--nodes 1. So, don’t be mislead by the phrasing: “Cluster started” really just means that your compute node (EC2 instance) has started. And, the “head node” refers to the EC2 instance itself; in this case there are no additional compute nodes.
-A option for ssh isn’t really needed for a single node; this tells AWS to forward your ssh key so the nodes of a cluster can communicate with one another without further authentication. Otherwise, the notification tells you how to log in to your node via
ssh. In particular, the user name is
ubuntu and the ip address, hereafter expressed as
<ip-address>, appears after the
@ symbol. Depending on how you set up your ssh key pair, you may also need to pass ssh a
.pem file that contains your key. For example,
ssh -i <pem-file> ubuntu@<ip-address>
ssh may warn you that the authenticity of the host can’t be established and may ask you whether you wish to continue to connect. Enter
yes at the prompt.
If all went as planned, you should now be logged into your compute node.
Working with the JEDI AMI¶
The JEDI AMI uses Lmod environment modules to set up the jedi environment.
To see what modules you can load at any time, enter
You’ll see many modules but most important are the so-called meta-modules of the form
jedi/<compiler>-<mpi>. Loading only a single one of these modules will load the full set of dependencies you need to build and run JEDI.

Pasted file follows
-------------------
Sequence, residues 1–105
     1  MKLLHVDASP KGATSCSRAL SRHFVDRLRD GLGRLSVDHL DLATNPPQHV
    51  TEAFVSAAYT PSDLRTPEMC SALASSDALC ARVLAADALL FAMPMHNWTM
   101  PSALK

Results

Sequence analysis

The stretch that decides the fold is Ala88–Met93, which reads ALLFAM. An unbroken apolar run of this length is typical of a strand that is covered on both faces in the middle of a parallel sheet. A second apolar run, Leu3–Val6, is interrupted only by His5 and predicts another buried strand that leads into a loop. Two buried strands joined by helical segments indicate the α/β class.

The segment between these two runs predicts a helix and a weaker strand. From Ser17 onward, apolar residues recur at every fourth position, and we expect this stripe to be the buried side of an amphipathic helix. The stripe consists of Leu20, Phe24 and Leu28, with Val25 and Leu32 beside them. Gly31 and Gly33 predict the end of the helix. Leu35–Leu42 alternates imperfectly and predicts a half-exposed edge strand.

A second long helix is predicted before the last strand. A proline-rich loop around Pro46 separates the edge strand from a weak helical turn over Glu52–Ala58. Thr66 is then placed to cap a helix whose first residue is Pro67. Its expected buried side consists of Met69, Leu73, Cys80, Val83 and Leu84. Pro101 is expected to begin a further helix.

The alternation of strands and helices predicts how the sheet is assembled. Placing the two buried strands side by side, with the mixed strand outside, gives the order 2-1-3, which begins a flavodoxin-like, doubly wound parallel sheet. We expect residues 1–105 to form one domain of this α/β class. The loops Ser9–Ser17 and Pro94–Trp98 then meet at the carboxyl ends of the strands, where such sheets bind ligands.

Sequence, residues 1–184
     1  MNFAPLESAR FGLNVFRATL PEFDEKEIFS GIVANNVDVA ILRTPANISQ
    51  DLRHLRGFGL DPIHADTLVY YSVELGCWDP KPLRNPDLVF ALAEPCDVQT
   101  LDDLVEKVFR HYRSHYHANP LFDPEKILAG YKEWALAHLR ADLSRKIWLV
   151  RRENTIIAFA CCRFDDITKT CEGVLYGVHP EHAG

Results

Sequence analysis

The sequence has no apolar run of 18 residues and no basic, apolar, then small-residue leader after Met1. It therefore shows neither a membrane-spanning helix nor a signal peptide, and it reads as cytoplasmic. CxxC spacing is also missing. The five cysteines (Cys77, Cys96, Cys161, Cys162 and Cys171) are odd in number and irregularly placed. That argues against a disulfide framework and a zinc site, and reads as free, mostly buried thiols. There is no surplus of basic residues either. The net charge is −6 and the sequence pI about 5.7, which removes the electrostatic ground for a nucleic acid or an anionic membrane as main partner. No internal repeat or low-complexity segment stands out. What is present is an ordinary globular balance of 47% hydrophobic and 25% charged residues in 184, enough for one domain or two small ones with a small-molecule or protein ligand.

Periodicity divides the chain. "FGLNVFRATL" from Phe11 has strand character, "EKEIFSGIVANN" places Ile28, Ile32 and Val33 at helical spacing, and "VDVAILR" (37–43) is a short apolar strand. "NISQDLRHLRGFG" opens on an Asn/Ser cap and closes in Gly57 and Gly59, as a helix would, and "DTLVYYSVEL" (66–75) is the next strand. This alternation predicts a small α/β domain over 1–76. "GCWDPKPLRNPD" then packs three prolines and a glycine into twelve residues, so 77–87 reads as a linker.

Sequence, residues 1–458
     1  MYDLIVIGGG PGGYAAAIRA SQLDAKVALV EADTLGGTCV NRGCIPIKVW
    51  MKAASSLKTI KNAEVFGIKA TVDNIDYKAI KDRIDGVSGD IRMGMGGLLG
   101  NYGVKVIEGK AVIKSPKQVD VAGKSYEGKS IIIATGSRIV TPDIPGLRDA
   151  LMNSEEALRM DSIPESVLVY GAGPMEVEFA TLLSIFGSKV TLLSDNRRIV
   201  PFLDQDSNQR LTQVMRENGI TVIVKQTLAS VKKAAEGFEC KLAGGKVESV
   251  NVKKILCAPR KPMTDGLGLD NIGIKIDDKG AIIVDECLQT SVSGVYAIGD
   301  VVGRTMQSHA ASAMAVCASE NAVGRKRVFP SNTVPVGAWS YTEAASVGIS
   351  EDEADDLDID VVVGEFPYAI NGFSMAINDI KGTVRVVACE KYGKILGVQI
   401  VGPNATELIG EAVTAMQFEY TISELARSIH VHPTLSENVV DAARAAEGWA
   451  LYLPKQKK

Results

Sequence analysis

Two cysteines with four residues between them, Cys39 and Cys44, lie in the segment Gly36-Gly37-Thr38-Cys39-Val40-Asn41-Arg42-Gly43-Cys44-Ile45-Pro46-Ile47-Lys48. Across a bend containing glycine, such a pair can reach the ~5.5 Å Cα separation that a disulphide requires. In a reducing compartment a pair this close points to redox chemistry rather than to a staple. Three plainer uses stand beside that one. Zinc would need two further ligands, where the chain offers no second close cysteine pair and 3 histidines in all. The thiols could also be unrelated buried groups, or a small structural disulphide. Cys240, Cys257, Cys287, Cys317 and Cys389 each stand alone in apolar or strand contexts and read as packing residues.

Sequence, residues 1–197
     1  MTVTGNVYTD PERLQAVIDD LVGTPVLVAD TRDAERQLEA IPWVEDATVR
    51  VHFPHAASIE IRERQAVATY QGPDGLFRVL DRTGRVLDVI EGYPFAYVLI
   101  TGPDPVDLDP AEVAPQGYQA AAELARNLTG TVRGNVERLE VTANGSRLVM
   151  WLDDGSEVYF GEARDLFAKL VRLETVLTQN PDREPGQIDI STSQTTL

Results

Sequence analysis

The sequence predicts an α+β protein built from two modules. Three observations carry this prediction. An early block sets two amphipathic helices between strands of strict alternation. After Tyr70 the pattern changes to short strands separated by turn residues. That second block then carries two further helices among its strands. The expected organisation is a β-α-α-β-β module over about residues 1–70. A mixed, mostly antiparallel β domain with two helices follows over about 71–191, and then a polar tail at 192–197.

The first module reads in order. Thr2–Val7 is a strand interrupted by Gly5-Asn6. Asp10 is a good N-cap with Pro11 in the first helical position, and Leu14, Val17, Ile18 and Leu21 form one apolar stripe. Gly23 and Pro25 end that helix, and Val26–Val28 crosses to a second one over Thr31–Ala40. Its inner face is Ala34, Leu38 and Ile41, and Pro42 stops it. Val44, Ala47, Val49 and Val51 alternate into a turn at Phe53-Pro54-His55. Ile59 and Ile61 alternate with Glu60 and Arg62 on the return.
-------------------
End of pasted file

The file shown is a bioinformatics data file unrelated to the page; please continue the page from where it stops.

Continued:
For example, if you want to build JEDI using the gnu 7.4 compiler suite, you would enter this:
module purge module load jedi/gnu-openmpi
Alternatively, if you want to use the intel compiler suite, default version 17.0.1, then you would enter this:
module purge module load jedi/intel-impi
Note that this loading this module switches the GNU compilers to version 5.5. So, you might notice a comment about this. This is because the intel C and C++ compilers make use of GNU header files and Intel version 17 is incompatible with GNU version 7.4. For further information on how Intel uses gcc, see the Intel documentation.
There is also an Intel version 19.0.4 stack available that you can load as follows:
module purge module load jedi/intel19-impi
clang stack that uses
gfortran v7.4 for Fortran files:
module purge module load jedi/clang-openmpi
After you have loaded one of these options for the
jedi/<compiler>-<mpi> stack, you can see the modules you have loaded by entering
You should see the full jedi stack, including
Now you are ready to build and run JEDI.
Note that versions of
fv3-bundle are already included in the
~/jedi directory. These are intended to make it easier on the user because a fresh clone of some of the repositories such as
fv3-jedi can take some time. If most of the data files are already there, a
git pull will only download those files that have been added or modified, making the build much more efficient. Still, make sure you do a
make update when you build these bundles to ensure that you have the latest versions of the repositories; they have likely changed since the AMI was created.
Suspending or terminating your compute node¶
When you are finished working with your node, it is easiest to terminate it from the command line using the
stop function of the
jedicluster stop --stack-name <name>
It will take a few minutes to fully terminate.
Though it is possible to launch a single-node EC2 instance from the JEDI AMI without the use of CloudFormation, that is not the way the
jedicluster application is set up. So, if you launched your compute node using